Can My Baby Develop A Milk Allergy At 6 Months?

Baby With Milk BottleSource:


As a new mom, you’re probably wondering if your baby can develop a milk allergy at six months. The short answer is yes. Milk allergy, also known as cow’s milk protein allergy (CMPA), is one of the most common food allergies in infants and young children. In this article, we will discuss the signs and symptoms of milk allergy, how to diagnose it, and what you can do to manage it.

Signs and Symptoms of Milk Allergy

The signs and symptoms of milk allergy can vary from mild to severe. Some babies may have an immediate reaction after drinking milk, while others may show symptoms hours or even days later. Some common signs and symptoms of milk allergy include:

  • Hives or rash
  • Swelling of the lips, tongue, or face
  • Wheezing or coughing
  • Vomiting or diarrhea
  • Abdominal pain or cramps
  • Difficulty breathing
  • Poor weight gain or failure to thrive

If your baby shows any of these symptoms, it is important to talk to your pediatrician right away.

Diagnosing Milk Allergy

Your pediatrician may suspect milk allergy if your baby shows symptoms after drinking milk or formula. They may recommend a skin prick test or a blood test to confirm the diagnosis.If the diagnosis is confirmed, your pediatrician may recommend that you eliminate all milk and milk products from your baby’s diet. This can be challenging, as milk is a common ingredient in many foods. However, there are many milk substitutes available, such as soy milk, almond milk, or rice milk.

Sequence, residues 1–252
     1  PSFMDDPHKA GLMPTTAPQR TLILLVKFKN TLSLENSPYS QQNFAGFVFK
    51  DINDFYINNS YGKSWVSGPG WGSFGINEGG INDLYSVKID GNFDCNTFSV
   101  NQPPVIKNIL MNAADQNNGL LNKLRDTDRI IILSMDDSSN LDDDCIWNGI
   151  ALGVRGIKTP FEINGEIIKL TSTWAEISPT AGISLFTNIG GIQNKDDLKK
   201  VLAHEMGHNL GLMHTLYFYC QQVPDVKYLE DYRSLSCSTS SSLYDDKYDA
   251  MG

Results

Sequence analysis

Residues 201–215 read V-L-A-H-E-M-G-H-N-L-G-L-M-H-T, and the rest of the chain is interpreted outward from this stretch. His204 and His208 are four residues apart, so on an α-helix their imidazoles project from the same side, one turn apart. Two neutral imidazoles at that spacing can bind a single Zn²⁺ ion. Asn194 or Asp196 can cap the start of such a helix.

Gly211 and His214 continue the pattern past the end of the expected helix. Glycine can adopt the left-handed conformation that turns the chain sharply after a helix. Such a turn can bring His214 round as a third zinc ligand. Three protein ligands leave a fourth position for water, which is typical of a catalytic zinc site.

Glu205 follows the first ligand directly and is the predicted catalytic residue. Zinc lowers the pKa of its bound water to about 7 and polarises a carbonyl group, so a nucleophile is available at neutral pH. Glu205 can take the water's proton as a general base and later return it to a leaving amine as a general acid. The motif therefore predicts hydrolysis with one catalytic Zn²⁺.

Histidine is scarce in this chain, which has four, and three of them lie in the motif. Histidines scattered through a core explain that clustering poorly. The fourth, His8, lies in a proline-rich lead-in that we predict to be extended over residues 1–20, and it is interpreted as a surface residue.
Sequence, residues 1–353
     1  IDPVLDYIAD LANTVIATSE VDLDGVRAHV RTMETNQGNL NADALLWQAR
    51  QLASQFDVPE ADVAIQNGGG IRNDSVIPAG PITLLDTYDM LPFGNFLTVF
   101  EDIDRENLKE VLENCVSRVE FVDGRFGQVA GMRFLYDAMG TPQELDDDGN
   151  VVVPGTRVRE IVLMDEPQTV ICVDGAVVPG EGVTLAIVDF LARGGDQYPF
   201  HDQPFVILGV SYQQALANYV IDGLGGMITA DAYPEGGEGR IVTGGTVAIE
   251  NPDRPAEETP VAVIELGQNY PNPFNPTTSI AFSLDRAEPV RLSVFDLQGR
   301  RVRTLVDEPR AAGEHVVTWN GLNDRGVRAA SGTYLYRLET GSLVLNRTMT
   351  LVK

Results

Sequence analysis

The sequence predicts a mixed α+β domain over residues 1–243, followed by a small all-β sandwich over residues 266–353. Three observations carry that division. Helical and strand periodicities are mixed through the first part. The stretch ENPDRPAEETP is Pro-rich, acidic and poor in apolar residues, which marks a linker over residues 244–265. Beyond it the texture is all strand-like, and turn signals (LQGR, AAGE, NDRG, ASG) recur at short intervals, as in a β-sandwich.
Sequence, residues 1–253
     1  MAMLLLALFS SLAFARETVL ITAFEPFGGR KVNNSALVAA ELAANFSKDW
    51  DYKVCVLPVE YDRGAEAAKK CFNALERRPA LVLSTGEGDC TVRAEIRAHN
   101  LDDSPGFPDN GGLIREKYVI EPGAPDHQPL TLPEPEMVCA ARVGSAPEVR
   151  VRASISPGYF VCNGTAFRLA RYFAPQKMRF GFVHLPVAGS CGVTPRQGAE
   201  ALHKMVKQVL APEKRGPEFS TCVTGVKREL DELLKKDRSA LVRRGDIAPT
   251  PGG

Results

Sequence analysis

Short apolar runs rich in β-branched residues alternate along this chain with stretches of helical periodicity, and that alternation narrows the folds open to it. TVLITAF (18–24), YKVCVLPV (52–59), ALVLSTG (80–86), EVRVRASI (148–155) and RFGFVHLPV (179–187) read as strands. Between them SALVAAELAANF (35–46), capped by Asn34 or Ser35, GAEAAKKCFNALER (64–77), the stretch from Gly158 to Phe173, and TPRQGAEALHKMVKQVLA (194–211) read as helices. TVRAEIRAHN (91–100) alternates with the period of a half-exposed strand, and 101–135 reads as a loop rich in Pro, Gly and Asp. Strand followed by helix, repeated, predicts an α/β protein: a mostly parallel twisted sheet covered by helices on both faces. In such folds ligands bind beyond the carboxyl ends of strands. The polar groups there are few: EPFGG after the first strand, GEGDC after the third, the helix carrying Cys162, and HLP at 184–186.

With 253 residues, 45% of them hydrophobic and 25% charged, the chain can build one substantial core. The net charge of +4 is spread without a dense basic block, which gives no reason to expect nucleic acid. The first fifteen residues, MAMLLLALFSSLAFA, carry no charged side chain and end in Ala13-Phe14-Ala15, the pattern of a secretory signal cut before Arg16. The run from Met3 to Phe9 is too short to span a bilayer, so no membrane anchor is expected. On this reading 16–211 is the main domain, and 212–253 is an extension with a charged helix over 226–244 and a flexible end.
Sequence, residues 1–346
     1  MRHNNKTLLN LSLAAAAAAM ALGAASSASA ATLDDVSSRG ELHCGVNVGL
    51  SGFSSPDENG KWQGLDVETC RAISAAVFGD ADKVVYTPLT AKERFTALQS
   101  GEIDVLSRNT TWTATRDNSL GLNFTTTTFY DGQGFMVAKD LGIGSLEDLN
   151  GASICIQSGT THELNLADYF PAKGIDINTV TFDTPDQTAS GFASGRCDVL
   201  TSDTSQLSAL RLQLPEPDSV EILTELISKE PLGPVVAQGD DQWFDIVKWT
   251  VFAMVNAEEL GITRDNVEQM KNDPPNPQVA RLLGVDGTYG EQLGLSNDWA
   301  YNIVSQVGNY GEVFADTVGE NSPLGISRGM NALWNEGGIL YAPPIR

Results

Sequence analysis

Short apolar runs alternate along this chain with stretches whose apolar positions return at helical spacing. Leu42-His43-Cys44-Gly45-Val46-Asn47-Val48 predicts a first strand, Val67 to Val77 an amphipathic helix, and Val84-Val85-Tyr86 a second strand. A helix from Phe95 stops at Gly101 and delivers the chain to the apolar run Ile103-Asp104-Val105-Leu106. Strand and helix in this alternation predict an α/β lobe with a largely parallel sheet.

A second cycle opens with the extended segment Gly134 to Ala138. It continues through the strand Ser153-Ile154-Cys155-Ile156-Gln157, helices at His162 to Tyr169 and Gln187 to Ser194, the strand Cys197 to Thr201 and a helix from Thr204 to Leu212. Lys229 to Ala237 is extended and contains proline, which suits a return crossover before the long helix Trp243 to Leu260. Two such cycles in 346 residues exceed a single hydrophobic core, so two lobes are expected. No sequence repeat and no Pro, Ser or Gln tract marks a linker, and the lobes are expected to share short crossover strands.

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Managing Milk Allergy

Managing milk allergy can be challenging, but there are several things you can do to make it easier. First, make sure to read food labels carefully and avoid any foods that contain milk or milk products. This includes foods like cheese, yogurt, and butter.Second, talk to your pediatrician about how to ensure that your baby is getting all the necessary nutrients from their diet. They may recommend supplements or fortified foods to make up for the nutrients that are missing from a milk-free diet.Finally, it is important to educate others about your baby’s milk allergy. This includes family members, friends, and caregivers. Make sure they know what foods to avoid and how to respond in case of an emergency.


In conclusion, yes, your baby can develop a milk allergy at six months. The signs and symptoms of milk allergy can vary, but it is important to talk to your pediatrician if you suspect that your baby is allergic to milk. With proper diagnosis and management, your baby can still thrive on a milk-free diet.

Frequently Asked Questions

Q: Can my baby outgrow milk allergy?

A: Yes, many children outgrow milk allergy by the time they are three to five years old. However, it is important to work with your pediatrician to monitor your child’s progress and determine when it is safe to reintroduce milk into their diet.

Q: Can breastfeeding prevent milk allergy?

A: Breastfeeding may help reduce the risk of milk allergy in some babies. However, if your baby is already showing symptoms of milk allergy, you may need to eliminate milk and milk products from your own diet as well.

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Q: Can I give my baby goat’s milk instead of cow’s milk?

A: No, goat’s milk is not a safe alternative for babies with milk allergy. It contains similar proteins to cow’s milk and can cause the same allergic reaction.

Q: Can my baby have cheese or yogurt if they have a milk allergy?

A: No, cheese and yogurt are made from milk and contain milk proteins. Your baby should avoid all milk products if they have a milk allergy.

Q: How can I make sure my baby is getting enough calcium on a milk-free diet?

A: There are many non-dairy sources of calcium, such as fortified orange juice, tofu, and leafy green vegetables. Talk to your pediatrician or a registered dietitian for more information.

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